When you live in a city with a big Chinese community like San Francisco, it is very likely you have tried dim sum. I often thought about why they didn’t serve dim sum with drinks in the evening, in the same way how Japanese izakaya, or Spanish tapas works. But apparently, something has been made very close to the idea. At one of the most essential restaurants in San Francisco, State Bird Provisions, they have been offering small but creative dishes served on dim sum trays and carts for diners to select from since 2012.
Helmed by husband-wife duo, Stuart Brioza and Nicole Krasinski, the 2013 James Beard Award-winning restaurant has been a trend-setter in the Bay Area. They have adopted the old school dim sum service to showcase the best of the local produce and the world cuisines in such a fun and exciting way, which has achieved them the cult-like status among food lovers. With the success, they opened The Progress and The Workshop in the same building and continue to be innovative. As part of our foodie adventure, Areta (@foodgressing) and I were excited to check out the quirky spot, along with our foodie and photographer friend Will (@wdwphoto), an SF local.
The recently remodelled dining area was welcoming with the warm light fixtures. And it warmed my heart, even more, when I spotted the dim sum trays and carts, run by the server through the dining room. The trays are definitely more old-school. Before the carts were invented to save more manpower and to run the food more efficiently, using the trays is the only way to serve dim sum, which you could barely find nowadays even in China.
Feeling like we should try EVERY single dish, I grabbed something from very the first tray that came to our table, which was some garden greens served with a poached egg ($3). Dipping the leafy raw greens in runny egg yolk seemed a little odd way but somehow it worked. This is healthier and more exciting than eating your greens with mayo. Like a lot of the SF eateries, they are quite keen on featuring the seasonal local produce. The vegetables were beautifully prepared in the beet salad ($3), with beet served both raw and cooked for a fun contrast, and the grilled asparagus ($3), covered in a luscious but slightly nutty sauce.
Meat lovers wouldn’t be disappointed here. The pub fare like the chicken wings with a doenjang inspired sauce, the blistered octopus with jerk spices and habanero, and the Chinese-inspired pork ribs with black bean sauce and black garlic, all exhibited big bold flavours. And finally the pork belly and fruit salad impressed me with that crispy skin and the aroma from different herbs.
The hog island sweetwater oyster ($3 each) definitely deserves being presented on its own cart. By the way, they only have 3 food carts running in the dining room while most of the other dishes are served on the trays. The oyster was topped with kohlrabi kraut, the “it” locally grown vegetable at the moment, which later I found out from my little cousin who lives in the city. It is not unfamiliar to me. We refer it as “gai-lan head” in Cantonese for its round chubby stem and it is indeed a close family member to gai-lan and broccoli. The slightly pickled and finely sliced kohlrabi was delicate but firmer and crunchier than cucumber, bring a nice contrast to the soft and succulent little gems of oyster goodness.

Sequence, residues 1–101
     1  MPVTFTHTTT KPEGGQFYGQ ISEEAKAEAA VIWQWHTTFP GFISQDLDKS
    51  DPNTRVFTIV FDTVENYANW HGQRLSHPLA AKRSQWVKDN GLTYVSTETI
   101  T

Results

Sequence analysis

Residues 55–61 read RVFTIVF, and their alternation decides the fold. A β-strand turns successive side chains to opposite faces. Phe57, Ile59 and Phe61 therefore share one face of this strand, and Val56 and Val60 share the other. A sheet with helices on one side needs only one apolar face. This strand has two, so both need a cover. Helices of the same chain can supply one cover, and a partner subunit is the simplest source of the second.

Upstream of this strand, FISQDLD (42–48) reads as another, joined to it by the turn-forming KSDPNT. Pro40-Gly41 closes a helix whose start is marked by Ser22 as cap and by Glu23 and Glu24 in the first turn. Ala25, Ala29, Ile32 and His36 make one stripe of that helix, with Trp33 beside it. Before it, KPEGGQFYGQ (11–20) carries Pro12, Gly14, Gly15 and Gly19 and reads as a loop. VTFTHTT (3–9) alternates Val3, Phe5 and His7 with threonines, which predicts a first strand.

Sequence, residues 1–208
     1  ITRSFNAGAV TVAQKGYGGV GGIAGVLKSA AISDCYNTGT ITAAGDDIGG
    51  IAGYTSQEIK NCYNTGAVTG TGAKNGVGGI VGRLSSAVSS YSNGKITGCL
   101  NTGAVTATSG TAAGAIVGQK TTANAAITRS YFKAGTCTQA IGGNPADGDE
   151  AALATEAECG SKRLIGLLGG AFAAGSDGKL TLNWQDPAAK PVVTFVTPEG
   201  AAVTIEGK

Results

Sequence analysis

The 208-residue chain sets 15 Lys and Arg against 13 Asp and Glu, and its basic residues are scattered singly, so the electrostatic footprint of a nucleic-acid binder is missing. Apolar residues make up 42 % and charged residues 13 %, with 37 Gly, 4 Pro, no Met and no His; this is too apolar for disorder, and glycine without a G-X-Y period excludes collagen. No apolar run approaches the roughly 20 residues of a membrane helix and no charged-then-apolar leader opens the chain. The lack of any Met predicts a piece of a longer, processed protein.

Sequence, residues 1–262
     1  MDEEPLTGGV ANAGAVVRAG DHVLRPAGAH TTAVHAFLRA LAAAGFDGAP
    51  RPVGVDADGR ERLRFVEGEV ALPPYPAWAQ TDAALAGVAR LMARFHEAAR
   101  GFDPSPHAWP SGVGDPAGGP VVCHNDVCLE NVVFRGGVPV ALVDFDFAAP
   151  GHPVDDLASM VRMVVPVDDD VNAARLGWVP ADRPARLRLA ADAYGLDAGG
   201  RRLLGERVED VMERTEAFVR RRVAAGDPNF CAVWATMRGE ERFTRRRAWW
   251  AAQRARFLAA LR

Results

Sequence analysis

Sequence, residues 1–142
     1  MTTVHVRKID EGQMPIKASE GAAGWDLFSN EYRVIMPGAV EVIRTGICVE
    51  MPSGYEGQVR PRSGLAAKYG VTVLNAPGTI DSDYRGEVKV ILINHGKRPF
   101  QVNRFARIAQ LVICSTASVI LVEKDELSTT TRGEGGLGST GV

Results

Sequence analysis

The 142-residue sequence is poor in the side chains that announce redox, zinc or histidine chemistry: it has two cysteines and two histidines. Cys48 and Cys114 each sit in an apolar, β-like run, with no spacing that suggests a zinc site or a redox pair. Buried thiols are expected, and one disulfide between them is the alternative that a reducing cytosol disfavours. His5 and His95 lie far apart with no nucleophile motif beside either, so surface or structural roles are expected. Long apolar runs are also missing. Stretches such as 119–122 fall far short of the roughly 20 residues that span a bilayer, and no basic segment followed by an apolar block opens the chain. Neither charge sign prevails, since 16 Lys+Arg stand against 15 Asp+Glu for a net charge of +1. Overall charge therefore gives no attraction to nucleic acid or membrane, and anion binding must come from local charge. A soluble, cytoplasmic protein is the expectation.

For the dim sum-like dishes, the quinoa porridge ($10) doesn’t look exactly like the regular Cantonese congee, with a tasty broth extra creaminess from the ramen egg yolk, and the guinea hen dumpling ($3), surprisingly soft and delicate.
Diners can also order from the menu for the bigger plates. We chose one of each from their “Toast & Pancakes” and “Commandables” sections. While the red trout with toasted hazelnut-mandarin orange-garum vinaigrette ($23) was impressive with the perfectly cooked fish and nicely balanced flavours, the poppyseed buckwheat-beef tongue pastrami pancakes ($12) rocked our world with incredible colours, flavours and textures – definitely the highlight of the evening.
The dessert dishes we had gave us a glimpse of chef Nicole Krasinski‘s creativity. As the in-season huckleberry-pomegranate granita ($12) )was refreshing, the passion curd “ice cream” sandwich ($10) provided us with a sense of eccentric fun. It’s worth mentioning that the desserts can be ordered in half order, and we just did that because we were so full from ordering so many “dim sum” plates.
We used the same wine pairing strategy and picked a bottle of sparkling wine. Just to remember, dry bubbles always go with anything! And our Domaine de Vodanis Vouvray Brut ($49) was crisp and slightly citrusy, a palate refresher before having a bite on a new dish.
We had a lot of much fun here at State Bird Provisions. The dim sum style service rocked and it was a real treat. When there are folks who have to research and find out exactly what they want before visiting a new restaurant, this seems to be something much more exciting. After all a true shouldn’t be afraid to try anything. Keeping an open mind, I ended up liking everything I ate today. The only regret I have is that we didn’t’ get to taste the state bird, aka the quail dish. But I will come back here for it and hopefully more great surprises.
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State Bird Provisions
1529 Fillmore St, San Francisco, CA 94115, USA
415-795-1272 or statebirdsf.com